- Notes and Comments
During the last third of the twentieth century, the Second Vatican Council (1962–65) was a compass point not only for Catholics but also for ecumenically minded Christians. With the passage of four-plus decades, however, the discussions and especially the debates and the drama behind the conciliar documents are increasingly in danger of being misinterpreted, if not forgotten altogether; it is then important to preserve the memories of the dwindling number of participants for the benefit of posterity both as a matter of historical record as well as a resource for ecclesiological interpretation.
The present volume, which is variously autobiographical, analytical, and anecdotal, presents its author's personal reminiscences and theological reflections about the ecumenical dimensions—antecedent, concomitant, and subsequent—of the Council. In this respect, George H. Tavard has been uniquely privileged: a theologian with ecumenical interests and involvement prior to the Council, when "ecumenism" was an unfamiliar, even suspect, word among Catholics; a conciliar peritus and staff member of the Secretariat for the [End Page 162] Promotion of the Unity of Christians that was responsible for drafting ecumenical statements for the Council's consideration; a participant in numerous official national and international postconciliar ecumenical dialogues; as well as the author of dozens of volumes on a wide range of topics: ecumenism, theology, history, and spirituality.
Perhaps the major value of this short book comes from its author's extraordinary ecumenical experience; for example, one can read elsewhere about the institutional ecclesiology that prevailed in Catholicism prior to Vatican II, but gaining a feel for an ecumenical ecclesiology of "divine presence" comes only through the experience of dialogue; in other words, ecumenical theology is not abstract, but experiential. Similarly, while one might carefully chronicle the long history of interdenominational polemics, their resolution requires a healing of memories that includes the "act of forgetting": "the Church needs to be disencumbered from things remembered that ought to be forgotten" (p.112). One might also note the author's candid appraisal of the postconciliar Church as torn "between gauchist deviation and reactionary conservatism" which can be attributed to (1) "a glaring lacuna at Vatican II itself," (2) "hesitancies on the part of Paul VI," and (3) "the heavy weight of institutional inertia" (p. 122). Ecclesiologists, as well as ecumenists, might then take to heart the "problems of reception" that have plagued even the best intentioned ecumenical documents; finally, theologians would do well then to give explicit attention to the author's concluding question: "Can Theology be Non-Verbal" (pp. 141–48)?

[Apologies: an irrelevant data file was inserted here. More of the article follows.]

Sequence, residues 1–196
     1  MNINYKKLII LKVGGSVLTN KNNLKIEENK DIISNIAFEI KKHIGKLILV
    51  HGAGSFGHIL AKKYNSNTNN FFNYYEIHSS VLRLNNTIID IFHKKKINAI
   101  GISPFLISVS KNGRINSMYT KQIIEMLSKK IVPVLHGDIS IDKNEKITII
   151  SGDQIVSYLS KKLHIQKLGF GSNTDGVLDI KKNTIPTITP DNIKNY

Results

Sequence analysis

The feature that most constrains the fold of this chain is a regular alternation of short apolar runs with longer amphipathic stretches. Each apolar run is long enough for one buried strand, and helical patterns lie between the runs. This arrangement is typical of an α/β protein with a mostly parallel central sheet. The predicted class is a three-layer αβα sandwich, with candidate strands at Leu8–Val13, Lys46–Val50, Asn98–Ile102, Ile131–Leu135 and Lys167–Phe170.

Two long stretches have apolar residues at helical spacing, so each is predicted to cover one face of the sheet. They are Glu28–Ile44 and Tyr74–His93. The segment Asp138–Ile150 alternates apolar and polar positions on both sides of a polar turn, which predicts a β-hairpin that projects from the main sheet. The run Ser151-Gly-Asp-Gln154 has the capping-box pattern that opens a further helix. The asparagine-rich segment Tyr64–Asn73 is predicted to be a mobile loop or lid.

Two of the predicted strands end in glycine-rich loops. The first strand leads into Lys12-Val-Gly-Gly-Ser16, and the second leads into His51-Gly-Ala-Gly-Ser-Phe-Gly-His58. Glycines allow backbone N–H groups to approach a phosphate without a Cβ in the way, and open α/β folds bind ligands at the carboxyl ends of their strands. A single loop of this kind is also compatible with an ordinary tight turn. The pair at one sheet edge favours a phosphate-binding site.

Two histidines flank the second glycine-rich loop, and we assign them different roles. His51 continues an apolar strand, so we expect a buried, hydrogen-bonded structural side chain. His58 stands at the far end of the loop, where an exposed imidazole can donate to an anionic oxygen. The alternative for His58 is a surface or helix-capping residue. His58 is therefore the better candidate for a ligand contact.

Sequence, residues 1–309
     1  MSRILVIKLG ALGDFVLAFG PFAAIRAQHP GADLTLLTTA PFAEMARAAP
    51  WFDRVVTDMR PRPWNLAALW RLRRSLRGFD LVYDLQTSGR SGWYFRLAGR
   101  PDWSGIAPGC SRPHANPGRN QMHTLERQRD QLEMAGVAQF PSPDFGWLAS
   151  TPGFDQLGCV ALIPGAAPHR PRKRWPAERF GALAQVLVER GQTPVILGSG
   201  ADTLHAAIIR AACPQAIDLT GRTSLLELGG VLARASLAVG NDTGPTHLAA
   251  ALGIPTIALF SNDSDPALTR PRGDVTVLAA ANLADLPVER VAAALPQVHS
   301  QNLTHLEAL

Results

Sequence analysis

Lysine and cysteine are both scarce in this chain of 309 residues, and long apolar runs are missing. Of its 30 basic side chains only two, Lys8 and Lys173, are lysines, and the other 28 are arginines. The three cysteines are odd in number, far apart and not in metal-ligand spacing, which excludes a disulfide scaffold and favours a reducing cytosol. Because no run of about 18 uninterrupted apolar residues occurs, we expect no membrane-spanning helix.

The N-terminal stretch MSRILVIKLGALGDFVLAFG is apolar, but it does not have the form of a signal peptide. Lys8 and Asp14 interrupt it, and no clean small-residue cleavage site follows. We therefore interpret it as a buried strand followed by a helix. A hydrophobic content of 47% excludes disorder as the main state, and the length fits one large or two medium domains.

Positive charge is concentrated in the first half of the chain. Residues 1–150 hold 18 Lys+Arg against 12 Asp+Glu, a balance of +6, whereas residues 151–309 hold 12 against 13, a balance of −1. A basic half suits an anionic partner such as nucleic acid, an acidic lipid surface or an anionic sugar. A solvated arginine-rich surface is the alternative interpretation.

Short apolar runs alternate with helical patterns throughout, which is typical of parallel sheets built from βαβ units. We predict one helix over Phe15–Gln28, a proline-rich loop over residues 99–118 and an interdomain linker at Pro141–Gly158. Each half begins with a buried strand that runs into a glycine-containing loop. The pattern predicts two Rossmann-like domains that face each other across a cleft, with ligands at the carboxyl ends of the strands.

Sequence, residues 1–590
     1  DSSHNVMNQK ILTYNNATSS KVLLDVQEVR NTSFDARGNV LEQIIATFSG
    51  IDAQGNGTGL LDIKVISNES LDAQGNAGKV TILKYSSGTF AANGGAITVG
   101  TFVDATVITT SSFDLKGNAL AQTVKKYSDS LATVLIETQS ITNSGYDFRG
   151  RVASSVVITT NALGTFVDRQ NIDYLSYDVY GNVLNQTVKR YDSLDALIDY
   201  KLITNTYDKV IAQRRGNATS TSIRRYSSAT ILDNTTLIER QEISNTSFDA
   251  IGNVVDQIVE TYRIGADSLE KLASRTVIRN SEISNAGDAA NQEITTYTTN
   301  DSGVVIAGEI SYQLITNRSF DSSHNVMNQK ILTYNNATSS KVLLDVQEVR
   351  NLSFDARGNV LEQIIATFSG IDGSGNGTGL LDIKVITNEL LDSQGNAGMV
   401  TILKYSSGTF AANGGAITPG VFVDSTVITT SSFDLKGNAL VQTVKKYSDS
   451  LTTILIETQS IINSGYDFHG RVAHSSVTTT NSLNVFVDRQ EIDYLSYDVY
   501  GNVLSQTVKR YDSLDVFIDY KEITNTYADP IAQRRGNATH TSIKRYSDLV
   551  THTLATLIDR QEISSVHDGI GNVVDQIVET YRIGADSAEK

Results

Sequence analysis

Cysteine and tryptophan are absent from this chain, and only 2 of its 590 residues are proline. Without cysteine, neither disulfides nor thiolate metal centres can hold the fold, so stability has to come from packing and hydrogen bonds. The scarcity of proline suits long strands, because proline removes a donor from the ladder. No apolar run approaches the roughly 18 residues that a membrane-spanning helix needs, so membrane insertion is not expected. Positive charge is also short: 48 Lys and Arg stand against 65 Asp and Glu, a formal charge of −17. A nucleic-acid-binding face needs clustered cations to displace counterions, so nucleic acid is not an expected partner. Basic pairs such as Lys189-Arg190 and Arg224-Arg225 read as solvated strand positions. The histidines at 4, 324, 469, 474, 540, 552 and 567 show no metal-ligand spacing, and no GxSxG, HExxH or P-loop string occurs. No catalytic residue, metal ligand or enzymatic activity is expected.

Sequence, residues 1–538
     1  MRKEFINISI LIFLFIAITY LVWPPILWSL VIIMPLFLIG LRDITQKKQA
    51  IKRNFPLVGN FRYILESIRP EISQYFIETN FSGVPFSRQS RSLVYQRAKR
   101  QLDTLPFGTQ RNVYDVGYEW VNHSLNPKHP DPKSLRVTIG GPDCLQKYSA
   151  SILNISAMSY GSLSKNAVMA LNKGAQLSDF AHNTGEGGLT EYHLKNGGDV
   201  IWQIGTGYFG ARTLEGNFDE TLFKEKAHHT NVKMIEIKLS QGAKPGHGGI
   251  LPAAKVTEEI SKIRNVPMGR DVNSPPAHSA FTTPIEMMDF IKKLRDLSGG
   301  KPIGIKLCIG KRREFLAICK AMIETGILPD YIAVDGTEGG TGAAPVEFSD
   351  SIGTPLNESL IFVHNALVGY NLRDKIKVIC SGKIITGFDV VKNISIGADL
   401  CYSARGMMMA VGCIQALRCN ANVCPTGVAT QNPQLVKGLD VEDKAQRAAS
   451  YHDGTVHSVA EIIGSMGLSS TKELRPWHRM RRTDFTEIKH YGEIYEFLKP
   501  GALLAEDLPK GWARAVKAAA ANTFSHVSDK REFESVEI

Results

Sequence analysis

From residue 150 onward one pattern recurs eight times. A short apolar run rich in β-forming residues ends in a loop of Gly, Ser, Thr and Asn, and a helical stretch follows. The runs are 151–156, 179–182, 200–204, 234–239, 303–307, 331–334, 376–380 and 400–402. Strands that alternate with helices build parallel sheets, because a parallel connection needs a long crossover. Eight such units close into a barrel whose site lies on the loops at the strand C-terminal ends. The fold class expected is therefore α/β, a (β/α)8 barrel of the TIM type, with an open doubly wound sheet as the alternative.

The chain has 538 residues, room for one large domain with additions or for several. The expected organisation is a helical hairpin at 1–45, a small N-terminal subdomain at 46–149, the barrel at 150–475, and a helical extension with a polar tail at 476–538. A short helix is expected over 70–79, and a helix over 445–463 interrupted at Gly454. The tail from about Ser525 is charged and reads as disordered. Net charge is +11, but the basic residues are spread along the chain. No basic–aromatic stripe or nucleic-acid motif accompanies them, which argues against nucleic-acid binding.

Unfortunately, one finds some slips in this book; for example, the encyclical, Humanae Vitae, published on July 25, 1968, could hardly have "caused an unexpected turmoil in the Summer of 1967" (p. 126). Also, the enumeration of footnotes is sometimes out of sync. In addition, some opinions are at least debatable; for example, while "the condemnation of Anglican Orders, in 1896, by Leo XIII" may have been ecumenically problematic and historically questionable, it seems a stretch to claim, "The canonical category of validity no longer provides, if it ever did, an acceptable standard to describe and evaluate the sacramental experience of other Churches than one's own" (pp. 92–93).
Such shortcomings aside, readers who once eagerly and sometimes anxiously followed the proceedings of Vatican II will be treated to a retrospective that awakens memories, if not nostalgia. Readers for whom Vatican II is a matter of historical investigation and theological reappraisal will also benefit from the insights of an influential insider.
1. Further information is available at Tavard's website: http://www.assumption.us/Tavard/ (accessed: 8 January 2008).